Ayurveda Day 87: You Give Me Fever…


I couldn’t get the song by Peggy Lee out of my head all day in class today. But today’s blog isn’t about the classic song, it’s about the disease condition know as fever, or jwara in Sanskrit.

First of all, what is fever? Well, first we must understand that our metabolism, the sum total of all chemical reactions in the body, is measured via our temperature. We have a BMR (basic metabolic rate) when resting. When that BMR is increased by infection, inflammation, autoimmune disease, cancer, severe stress, viruses, or bacteria, we see a rise in our body temperature.

According to the Caraka Samhita, Ayurveda’s most important text, “…[fever] afflicts the body, the senses and the mind. It is first to be manifested among all disease. It is exceedingly powerful.”

I’m sure we’ve all experienced a fever at some point in our lives, if not in ourselves at least in a family member. It is quite common. You tend to feel a whole myriad of symptoms as your body temperature increases. Typically when you go to a doctor and have a fever, they will give you something to bring down the fever, like tylenol. But this could be a mistake. The fever has a purpose.


Fever has been found to further activate the immune response of the body, making white blood cells more active. It increases the rate of chemical reaction and metabolism in the body. However, in doing so, it may also create an environment for a pathogen to thrive and reproduce further. A fever will typically run for 24-48 hours. If it runs longer, then medication may be needed. However, if we take tylenol too early, the fever can last for 3-5 days! Besides, there are ayurvedic antipyretics (fever reducers) that you can take instead.


The causes of fever are many, according to Ayurveda. But they may surprise you. The primary cause is the weakening of immunity via poor lifestyle and diet choices:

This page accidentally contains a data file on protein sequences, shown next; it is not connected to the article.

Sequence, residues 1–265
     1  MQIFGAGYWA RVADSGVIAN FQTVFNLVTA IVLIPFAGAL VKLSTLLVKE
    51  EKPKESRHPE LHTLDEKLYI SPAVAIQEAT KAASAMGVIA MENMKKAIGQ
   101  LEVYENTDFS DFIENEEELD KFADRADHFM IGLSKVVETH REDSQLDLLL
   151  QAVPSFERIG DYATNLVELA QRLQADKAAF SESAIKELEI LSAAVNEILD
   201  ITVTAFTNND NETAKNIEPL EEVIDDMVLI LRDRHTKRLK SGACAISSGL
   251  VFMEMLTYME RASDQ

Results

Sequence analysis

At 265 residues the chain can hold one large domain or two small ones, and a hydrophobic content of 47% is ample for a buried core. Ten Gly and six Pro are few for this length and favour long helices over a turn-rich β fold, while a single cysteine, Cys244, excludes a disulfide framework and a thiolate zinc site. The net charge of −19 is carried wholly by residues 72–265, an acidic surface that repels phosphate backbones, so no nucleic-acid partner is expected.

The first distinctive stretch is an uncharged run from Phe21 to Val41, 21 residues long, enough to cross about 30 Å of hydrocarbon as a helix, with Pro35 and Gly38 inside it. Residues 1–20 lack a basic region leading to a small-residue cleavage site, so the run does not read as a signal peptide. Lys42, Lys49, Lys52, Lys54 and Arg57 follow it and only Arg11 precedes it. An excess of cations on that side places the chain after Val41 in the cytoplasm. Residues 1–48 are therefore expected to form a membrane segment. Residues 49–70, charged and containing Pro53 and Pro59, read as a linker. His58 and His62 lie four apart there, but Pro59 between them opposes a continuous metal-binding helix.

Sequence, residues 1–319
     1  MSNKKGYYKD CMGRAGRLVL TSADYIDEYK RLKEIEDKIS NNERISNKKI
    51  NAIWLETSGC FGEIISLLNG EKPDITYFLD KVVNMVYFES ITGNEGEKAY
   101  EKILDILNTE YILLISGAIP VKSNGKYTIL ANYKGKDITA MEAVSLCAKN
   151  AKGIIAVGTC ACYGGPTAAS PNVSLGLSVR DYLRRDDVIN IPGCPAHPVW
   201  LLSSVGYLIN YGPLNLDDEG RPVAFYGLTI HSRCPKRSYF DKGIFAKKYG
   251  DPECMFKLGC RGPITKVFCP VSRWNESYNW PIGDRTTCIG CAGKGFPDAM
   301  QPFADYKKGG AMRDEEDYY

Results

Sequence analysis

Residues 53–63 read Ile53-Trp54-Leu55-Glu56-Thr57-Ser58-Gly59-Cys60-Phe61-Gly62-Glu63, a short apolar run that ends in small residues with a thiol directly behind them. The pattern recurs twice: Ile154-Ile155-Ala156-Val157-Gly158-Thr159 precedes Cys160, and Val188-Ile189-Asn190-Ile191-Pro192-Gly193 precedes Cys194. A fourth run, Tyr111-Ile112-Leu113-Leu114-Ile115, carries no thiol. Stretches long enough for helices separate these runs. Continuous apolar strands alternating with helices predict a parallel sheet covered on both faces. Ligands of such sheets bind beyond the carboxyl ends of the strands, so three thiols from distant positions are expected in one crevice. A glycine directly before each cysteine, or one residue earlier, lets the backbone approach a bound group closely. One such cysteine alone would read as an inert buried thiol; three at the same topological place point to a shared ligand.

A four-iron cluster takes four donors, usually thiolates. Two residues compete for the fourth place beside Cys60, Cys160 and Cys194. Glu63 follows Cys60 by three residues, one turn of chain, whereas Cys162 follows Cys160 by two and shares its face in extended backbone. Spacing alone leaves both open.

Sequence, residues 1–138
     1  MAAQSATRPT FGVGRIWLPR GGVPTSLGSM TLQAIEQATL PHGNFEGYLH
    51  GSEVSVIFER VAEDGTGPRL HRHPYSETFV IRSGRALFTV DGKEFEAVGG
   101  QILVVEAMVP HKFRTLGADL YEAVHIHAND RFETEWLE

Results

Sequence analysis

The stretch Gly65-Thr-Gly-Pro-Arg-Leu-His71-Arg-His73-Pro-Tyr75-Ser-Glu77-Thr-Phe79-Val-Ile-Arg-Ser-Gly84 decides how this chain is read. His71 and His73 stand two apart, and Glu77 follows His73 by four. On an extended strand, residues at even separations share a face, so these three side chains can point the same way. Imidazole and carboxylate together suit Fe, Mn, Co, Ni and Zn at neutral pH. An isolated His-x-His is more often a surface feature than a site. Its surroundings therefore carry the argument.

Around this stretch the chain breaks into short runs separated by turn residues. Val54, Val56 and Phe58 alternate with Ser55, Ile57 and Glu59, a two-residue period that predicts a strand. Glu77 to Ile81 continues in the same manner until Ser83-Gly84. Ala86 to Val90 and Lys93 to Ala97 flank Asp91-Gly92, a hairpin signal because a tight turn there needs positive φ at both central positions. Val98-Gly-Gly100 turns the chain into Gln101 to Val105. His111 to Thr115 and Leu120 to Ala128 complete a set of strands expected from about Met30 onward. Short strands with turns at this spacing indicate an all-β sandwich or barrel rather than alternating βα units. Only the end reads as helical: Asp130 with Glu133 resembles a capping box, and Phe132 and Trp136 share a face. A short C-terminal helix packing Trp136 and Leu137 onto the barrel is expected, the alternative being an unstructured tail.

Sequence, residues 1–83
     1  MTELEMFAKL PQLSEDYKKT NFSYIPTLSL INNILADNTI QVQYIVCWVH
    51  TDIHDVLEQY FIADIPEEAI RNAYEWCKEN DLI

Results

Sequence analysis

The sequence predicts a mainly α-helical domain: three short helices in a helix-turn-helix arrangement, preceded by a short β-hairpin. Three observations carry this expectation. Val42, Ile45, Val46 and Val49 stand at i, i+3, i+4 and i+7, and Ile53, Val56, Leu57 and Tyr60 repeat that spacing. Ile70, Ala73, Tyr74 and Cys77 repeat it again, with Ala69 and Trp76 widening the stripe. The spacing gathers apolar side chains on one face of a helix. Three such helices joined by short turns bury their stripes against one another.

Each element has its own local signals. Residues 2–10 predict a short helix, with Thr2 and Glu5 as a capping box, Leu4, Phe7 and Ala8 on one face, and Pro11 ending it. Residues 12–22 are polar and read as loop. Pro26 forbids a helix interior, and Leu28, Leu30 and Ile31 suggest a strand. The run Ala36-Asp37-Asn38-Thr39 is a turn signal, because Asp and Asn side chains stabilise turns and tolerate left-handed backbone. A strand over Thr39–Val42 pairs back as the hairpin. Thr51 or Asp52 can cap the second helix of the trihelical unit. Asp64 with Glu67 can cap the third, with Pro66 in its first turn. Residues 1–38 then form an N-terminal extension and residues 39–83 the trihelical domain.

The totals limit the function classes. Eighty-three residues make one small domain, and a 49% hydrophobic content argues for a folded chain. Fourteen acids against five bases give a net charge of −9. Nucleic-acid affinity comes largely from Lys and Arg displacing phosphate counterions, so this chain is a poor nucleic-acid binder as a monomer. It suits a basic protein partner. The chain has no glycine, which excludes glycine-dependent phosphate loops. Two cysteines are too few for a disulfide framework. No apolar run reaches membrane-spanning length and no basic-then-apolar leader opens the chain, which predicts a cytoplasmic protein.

– living out of harmony with nature (daily, seasonal)

– poor digestion and creation of ama

– poor food choices and habits

– intake of poisons or toxins

– Unseasonable weather and temperature changes

– Food that is too hot when the body has been stricken by grief or fear

– Ignoring vedic astrology (though admittedly I don’t know much about it or it’s validity)

Purva Rupa (early symptoms/indicators of fever)

– fatigue

– loss of complexion

– bad taste in the mouth

– burning and watery eyes

– loss of appetite

– alternating desire for warm and cool

– irritability and depression

General Signs

– Red eyes: heat carried in bloodstream, inflammation of blood vessels

– Flush skin: body dispersing heat by dilating surface vessels

– Perspiration ceases: body is retaining heat to allow fever to rise

– Pain in the body: always a sign of tissue damage, in this case generated by heat

– Increased urination: dispel heat via urine

So now we know what a fever looks like and why. But what do I do if I have a fever?

Fever FAQ (frequently asked questions)

Should fever be treated?

– Generally not except to prevent dehydration and to support the agni, remove ama, and reduce sweating.

Should drugs be taken to reduce the fever?

They are not considered necessary and may have side effects. May also prolong the condition further, not allowing the body to perform it’s wisdom.

Should baths be taken?

– Only if very high. Remember that water therapies are counter productive for removing ama.

How can I let the fever run it’s course and prevent dehydration?

– Great question. Keep in mind maintaining electrolyte balance. Take any drinks that are higher in electrolytes (potassium  broths, juices, powerade, reharge, etc.). Eight oz per hour when fever begins, and more often if already dehydrated.

When it comes to fever, it can manifest in many ways. Vata, pitta, kapha, vata/pitta, kapha/vata, kapha/pitta, tridoshic…but in the end you just want to let the fever run it’s course. The only real danger present is dehydration which can be prevented. If for any reason you are trying to let the fever do it’s thing and can’t keep liquids down or are having trouble absorbing them, it’s time to see a doctor. Don’t be a hero! But for the vast majority of fevers, the body is trying to solve the problem. Support it and just sing along knowing your body is actually trying to help!

You give me fever…

With gratitude,



Ayurveda Day 86: Breath is the Bridge

As I’ve referenced in the past, we have not one, but three bodies: our physical, our mental/emotional (subtle), and our spiritual (karmic/causal) bodies.

The bridge between our karmic and subtle body is the buddhi.

But the bridge between our subtle and physical body is the breath.

The easiest way to understand this is to imagine having a panic attack. How is the breath? Erratic, short, superficial. The body becomes tense, afraid, and the fight/flight/freeze response is in effect. Now imagine the breath when it is slow, steady, full. It is impossible to be panicking and have this sort of breath.